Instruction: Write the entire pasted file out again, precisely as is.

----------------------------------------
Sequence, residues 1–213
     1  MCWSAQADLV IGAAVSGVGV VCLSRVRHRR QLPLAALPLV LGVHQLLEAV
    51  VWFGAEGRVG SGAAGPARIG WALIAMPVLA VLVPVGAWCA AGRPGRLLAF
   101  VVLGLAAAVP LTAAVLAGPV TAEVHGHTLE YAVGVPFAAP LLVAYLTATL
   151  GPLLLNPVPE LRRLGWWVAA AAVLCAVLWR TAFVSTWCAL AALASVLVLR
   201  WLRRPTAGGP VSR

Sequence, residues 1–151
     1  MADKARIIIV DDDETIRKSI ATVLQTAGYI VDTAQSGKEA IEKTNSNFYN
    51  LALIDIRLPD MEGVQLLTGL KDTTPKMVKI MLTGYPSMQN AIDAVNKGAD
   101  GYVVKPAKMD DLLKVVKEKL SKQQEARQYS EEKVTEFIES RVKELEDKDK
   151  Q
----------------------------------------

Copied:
Sequence, residues 1–213
     1  MCWSAQADLV IGAAVSGVGV VCLSRVRHRR QLPLAALPLV LGVHQLLEAV
    51  VWFGAEGRVG SGAAGPARIG WALIAMPVLA VLVPVGAWCA AGRPGRLLAF
   101  VVLGLAAAVP LTAAVLAGPV TAEVHGHTLE YAVGVPFAAP LLVAYLTATL
   151  GPLLLNPVPE LRRLGWWVAA AAVLCAVLWR TAFVSTWCAL AALASVLVLR
   201  WLRRPTAGGP VSR

Sequence, residues 1–151
     1  MADKARIIIV DDDETIRKSI ATVLQTAGYI VDTAQSGKEA IEKTNSNFYN
    51  LALIDIRLPD MEGVQLLTGL KDTTPKMVKI MLTGYPSMQN AIDAVNKGAD
   101  GYVVKPAKMD DLLKVVKEKL SKQQEARQYS EEKVTEFIES RVKELEDKDK
   151  Q